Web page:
Following is Secretary-General Kofi Annan's message for the New Year, 2004:

Dear Peoples of the United Nations,
Your Organization, which I have the honour to serve, has just been through one of the hardest years in its history.

We have seen war in Iraq, and deep divisions among nations, about grave issues of war and peace. On 19 August, in a bomb attack on our headquarters in Baghdad, we lost some of our best and most beloved colleagues.

These events have distracted the world's leaders from dealing with other threats -– threats which, to most people, are more immediate, and more real.

I mean the threats of extreme poverty and hunger, unsafe drinking water, environmental degradation, and endemic or infectious disease.
These dangers stalk large parts of our planet.

They kill millions and millions of people every year.

They destroy societies.

They fuel division and desperation.

After a year of war and division, it's time to focus more of our energy on people's health and welfare.

It's time to make sure that poor countries have a real opportunity to develop.

And it's time we took decisive action to save the resources of our planet.

Yes, we have to fight terrorism. Yes, we must prevent the spread of deadly weapons.

But let's also say Yes to development. Let's bring hope into the lives of those who suffer.

Without development and hope, there will be no peace.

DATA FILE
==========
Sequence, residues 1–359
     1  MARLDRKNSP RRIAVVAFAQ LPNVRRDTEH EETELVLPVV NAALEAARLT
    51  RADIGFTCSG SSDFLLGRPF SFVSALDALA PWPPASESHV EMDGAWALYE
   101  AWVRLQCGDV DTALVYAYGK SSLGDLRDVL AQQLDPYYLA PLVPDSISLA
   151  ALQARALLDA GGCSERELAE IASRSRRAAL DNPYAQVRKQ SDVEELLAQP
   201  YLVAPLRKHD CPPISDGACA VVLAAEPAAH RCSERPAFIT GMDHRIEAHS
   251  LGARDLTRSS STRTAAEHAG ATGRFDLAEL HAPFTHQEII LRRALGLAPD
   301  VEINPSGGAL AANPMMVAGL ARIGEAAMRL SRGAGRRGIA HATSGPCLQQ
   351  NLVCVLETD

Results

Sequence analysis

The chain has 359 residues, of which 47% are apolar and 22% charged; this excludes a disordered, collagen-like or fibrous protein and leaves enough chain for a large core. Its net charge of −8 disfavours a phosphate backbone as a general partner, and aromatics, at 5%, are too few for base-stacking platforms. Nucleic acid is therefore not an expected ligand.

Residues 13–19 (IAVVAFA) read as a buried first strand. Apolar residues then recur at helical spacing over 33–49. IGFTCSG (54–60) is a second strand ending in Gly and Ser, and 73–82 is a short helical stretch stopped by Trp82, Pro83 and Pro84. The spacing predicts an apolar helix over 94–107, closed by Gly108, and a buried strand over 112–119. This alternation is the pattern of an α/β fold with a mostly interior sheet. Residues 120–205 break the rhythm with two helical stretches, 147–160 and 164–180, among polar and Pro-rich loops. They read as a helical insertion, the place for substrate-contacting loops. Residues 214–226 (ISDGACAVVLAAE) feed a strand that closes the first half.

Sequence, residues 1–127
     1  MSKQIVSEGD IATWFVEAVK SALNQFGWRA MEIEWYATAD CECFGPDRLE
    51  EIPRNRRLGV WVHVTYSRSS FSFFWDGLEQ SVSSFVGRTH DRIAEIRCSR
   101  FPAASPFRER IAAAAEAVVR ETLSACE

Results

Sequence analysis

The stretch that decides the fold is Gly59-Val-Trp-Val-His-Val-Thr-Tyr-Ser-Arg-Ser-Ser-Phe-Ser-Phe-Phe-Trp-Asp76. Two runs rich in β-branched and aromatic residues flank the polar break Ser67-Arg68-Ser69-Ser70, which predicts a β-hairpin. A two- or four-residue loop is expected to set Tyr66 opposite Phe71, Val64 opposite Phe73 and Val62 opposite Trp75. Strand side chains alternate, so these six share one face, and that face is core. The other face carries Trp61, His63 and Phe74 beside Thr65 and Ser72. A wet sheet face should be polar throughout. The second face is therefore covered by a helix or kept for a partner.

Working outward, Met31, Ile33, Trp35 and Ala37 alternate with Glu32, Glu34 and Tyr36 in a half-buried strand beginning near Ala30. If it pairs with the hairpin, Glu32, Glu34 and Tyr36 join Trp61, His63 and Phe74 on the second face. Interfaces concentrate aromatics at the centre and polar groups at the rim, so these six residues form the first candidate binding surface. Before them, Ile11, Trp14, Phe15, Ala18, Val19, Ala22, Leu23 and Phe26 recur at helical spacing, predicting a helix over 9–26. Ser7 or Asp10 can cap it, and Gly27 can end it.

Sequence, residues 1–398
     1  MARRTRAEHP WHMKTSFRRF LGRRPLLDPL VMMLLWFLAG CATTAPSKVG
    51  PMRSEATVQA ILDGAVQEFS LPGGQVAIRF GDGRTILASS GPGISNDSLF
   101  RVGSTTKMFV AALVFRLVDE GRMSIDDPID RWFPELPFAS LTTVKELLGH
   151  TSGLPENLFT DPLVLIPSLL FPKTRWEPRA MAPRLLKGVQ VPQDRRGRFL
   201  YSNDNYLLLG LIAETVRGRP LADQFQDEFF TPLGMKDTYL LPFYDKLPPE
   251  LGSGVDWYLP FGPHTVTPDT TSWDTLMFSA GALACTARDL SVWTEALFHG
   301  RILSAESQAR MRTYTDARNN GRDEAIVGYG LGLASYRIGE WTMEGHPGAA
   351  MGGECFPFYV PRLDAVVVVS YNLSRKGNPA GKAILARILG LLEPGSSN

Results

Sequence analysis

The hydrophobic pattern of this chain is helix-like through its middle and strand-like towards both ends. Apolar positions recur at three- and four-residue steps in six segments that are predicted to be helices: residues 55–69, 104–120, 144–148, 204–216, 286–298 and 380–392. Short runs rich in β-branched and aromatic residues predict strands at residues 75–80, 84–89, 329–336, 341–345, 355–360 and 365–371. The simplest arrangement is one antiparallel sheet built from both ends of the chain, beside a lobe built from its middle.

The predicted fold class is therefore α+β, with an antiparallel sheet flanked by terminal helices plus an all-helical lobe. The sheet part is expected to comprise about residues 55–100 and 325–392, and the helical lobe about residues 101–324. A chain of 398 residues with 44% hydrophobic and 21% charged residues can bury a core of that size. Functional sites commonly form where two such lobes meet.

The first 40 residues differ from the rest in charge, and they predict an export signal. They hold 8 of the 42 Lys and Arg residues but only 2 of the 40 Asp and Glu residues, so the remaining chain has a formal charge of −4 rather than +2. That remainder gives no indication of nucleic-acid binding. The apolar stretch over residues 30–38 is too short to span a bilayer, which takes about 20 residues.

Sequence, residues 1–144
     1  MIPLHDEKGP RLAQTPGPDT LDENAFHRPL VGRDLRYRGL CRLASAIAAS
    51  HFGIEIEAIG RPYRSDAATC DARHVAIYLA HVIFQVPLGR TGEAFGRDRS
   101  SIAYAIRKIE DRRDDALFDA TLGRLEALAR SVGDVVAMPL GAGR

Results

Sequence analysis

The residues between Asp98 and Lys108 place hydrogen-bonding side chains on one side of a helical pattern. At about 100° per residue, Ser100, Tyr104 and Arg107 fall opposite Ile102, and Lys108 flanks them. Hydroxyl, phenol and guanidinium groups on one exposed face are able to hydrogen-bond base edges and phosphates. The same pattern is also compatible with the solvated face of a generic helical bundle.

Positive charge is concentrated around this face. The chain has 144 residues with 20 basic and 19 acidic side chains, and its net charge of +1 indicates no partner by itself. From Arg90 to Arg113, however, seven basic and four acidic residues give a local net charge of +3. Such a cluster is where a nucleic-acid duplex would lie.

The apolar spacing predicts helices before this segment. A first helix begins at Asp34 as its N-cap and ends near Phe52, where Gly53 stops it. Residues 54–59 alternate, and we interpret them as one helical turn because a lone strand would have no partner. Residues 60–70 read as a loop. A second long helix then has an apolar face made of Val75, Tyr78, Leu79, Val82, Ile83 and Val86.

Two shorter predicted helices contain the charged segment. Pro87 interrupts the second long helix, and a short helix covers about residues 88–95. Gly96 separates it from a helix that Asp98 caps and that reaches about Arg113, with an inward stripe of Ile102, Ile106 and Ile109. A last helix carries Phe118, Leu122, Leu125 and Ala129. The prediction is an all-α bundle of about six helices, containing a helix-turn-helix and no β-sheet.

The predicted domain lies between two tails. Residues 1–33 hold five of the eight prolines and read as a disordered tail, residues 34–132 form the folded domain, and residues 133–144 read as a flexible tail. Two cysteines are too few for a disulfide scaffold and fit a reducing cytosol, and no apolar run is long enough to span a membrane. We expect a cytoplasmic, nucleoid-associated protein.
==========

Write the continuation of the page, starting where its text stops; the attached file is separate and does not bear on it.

Just over three years ago, at the Millennium Summit, leaders of all nations pledged to provide that hope. They set themselves precise, time-bound targets -– the Millennium Development Goals .

To meet these Goals would cost only a fraction of what our world spends on weapons of war. Yet it would bring hope to billions, and greater security to us all.

But in 2003 we did not live up to these promises. We let ourselves be swept along by the tide of war and division.

2004 must be different. It must be the year when we begin to turn the tide.

We can turn the tide against HIV/AIDS, if we act on the “three-by-five” initiative –- the World Health Organization's plan to get three million people on anti-retroviral treatment by 2005.

It's a bold target, but it can be met -– if rich countries, poor and afflicted countries, governments, civil society, the private sector, and the United Nations system all pull together -– and if the Global Fund to Fight AIDS, Tuberculosis and Malaria is fully funded.